There's no such thing as "perfect security." If you want to go with Windows Defender you can, but never use any security application alone. Always run them in concert with other anti-malware programs like Malwarebytes and SpyBot.

  • Nerdeiro

    I have the same habits as you /PushPull, and I'm happy with the built-in Windows Defender plus Malware Bytes for an occasional manual scan.

    Also, to keep cookies in check, consider setting up a cookie manager on Firefox. I use one called "Cookie Controller". Firefox is set up to reject cookies by default, then I select site-by-site which ones I'll let set cookies, and in most cases I'll only authorize for the current session (I.e. once I close the browser, they're gone).

  • double2

    Nothing because I'm a badass.

  • sixstorm

    Never pay for AV and the best AV out there is COMMON SENSE. Just don't click on non-reputable things and you'll be fine. There is no such thing as perfect security, therefore there is no such thing as perfect AV. I stick with Windows Security Essentials and have been fine for years. But the key element is just simple common sense.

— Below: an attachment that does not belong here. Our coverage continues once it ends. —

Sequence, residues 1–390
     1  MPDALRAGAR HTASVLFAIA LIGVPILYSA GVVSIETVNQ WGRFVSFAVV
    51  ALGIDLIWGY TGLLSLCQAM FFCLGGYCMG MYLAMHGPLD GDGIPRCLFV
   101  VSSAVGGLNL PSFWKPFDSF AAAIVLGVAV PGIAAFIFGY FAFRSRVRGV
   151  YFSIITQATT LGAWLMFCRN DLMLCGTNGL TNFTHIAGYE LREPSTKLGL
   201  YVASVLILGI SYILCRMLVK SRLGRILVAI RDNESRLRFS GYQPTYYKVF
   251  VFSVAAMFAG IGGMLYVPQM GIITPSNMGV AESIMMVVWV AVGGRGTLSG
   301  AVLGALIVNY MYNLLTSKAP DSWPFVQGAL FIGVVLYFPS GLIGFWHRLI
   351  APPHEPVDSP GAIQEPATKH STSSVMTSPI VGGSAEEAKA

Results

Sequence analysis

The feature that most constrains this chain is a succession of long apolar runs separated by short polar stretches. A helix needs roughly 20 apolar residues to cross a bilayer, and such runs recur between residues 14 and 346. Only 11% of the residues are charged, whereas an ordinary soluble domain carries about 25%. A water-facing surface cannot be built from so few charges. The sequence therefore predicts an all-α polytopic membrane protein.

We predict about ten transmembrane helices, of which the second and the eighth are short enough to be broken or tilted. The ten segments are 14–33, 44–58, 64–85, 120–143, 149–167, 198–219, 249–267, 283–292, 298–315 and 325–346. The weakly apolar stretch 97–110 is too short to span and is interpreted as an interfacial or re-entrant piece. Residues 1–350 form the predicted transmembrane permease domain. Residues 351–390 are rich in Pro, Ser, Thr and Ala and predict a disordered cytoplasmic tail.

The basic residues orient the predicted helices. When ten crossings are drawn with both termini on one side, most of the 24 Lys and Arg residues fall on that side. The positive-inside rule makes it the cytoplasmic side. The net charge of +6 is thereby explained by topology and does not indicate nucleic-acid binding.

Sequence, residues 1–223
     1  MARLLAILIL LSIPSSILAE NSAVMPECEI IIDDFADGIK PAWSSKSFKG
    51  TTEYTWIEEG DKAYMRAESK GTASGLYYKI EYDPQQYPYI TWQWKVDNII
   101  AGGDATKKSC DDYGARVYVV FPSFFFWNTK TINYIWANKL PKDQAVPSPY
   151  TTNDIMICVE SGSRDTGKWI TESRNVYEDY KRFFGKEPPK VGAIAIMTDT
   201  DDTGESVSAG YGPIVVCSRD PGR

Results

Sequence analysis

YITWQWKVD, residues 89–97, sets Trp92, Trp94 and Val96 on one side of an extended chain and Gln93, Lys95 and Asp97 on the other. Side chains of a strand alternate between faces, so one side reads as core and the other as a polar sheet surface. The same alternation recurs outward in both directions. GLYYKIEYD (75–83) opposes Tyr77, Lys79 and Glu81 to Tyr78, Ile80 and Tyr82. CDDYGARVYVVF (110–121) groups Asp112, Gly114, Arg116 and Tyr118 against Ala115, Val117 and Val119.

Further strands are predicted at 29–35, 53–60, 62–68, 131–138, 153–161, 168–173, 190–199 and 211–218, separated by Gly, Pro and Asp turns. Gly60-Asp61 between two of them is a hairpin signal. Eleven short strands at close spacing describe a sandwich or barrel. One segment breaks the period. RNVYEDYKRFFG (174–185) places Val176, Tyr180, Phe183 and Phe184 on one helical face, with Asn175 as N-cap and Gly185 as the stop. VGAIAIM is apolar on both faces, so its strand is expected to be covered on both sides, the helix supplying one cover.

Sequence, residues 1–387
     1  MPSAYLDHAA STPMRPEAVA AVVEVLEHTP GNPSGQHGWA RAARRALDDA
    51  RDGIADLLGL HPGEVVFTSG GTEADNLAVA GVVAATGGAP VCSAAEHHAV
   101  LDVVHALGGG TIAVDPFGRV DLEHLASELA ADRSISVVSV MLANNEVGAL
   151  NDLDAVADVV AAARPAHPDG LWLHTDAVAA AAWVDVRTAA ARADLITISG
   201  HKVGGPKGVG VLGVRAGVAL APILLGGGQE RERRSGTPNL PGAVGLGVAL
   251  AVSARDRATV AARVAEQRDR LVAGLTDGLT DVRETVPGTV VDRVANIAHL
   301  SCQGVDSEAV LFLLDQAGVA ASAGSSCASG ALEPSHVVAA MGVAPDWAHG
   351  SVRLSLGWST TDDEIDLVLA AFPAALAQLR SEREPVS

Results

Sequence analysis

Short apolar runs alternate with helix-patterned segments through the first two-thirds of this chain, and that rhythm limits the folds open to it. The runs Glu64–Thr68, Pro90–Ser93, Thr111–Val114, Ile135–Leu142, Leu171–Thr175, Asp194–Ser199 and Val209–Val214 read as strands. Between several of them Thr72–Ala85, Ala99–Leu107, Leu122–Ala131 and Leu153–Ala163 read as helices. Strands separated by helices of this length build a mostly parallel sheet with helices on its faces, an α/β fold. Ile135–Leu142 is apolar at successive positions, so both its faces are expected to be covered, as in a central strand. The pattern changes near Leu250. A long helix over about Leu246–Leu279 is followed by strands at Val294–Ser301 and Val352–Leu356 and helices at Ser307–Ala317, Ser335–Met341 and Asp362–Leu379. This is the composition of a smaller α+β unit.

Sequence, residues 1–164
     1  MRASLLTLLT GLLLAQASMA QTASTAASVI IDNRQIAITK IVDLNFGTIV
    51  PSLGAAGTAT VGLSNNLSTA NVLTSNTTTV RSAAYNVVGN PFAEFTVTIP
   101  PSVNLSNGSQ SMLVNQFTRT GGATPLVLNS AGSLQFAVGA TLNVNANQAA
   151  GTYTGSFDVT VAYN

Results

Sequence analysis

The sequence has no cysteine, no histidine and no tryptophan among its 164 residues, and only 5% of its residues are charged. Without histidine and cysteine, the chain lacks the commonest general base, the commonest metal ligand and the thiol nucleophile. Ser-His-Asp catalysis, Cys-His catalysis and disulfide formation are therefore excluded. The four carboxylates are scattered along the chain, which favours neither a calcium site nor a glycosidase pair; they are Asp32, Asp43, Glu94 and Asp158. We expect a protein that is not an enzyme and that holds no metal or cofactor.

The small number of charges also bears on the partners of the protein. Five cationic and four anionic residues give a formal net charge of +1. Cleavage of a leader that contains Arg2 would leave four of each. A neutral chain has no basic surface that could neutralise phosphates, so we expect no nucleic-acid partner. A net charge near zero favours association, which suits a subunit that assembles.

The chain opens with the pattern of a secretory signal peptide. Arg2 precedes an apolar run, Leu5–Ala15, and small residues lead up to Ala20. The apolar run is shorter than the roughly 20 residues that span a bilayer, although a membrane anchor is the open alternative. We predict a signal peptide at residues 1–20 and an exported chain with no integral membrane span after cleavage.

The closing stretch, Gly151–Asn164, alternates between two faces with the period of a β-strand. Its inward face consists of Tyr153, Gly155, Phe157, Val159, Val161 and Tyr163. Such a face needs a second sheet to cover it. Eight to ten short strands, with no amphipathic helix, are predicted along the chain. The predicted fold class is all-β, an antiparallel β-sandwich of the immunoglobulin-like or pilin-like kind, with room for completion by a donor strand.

• danielxvu

    I actually never had any issues with Windows Defender/Microsoft Security Essentials. The only time one runs a serious risk of being infected is when pirating, and even then, you can usually get a heads up from initial downloaders who have detected viruses/spyware themselves and leave warnings in threads/comment sections.

    For what it's worth, I think that uBlock Origin is better than AdBlock Plus these days, due to AdBlock Plus being heavy on memory and allowing some "nice" ads to show anyways. I don't use NoScript since I don't often visit sites that use JavaScript maliciously. LastPass I'm wary of, since the software is proprietary; I prefer KeepassX since it's light, multi-platform and open-source.